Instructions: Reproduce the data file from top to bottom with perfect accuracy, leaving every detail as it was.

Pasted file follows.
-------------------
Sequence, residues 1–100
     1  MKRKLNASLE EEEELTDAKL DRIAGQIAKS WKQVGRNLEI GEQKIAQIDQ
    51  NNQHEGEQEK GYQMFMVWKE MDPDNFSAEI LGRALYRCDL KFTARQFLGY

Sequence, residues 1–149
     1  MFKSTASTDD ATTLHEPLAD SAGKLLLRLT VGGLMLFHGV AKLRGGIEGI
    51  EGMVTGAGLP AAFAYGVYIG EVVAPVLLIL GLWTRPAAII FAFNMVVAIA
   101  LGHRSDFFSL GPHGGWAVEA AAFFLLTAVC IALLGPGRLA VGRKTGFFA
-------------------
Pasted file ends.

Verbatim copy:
Sequence, residues 1–100
     1  MKRKLNASLE EEEELTDAKL DRIAGQIAKS WKQVGRNLEI GEQKIAQIDQ
    51  NNQHEGEQEK GYQMFMVWKE MDPDNFSAEI LGRALYRCDL KFTARQFLGY

Sequence, residues 1–149
     1  MFKSTASTDD ATTLHEPLAD SAGKLLLRLT VGGLMLFHGV AKLRGGIEGI
    51  EGMVTGAGLP AAFAYGVYIG EVVAPVLLIL GLWTRPAAII FAFNMVVAIA
   101  LGHRSDFFSL GPHGGWAVEA AAFFLLTAVC IALLGPGRLA VGRKTGFFA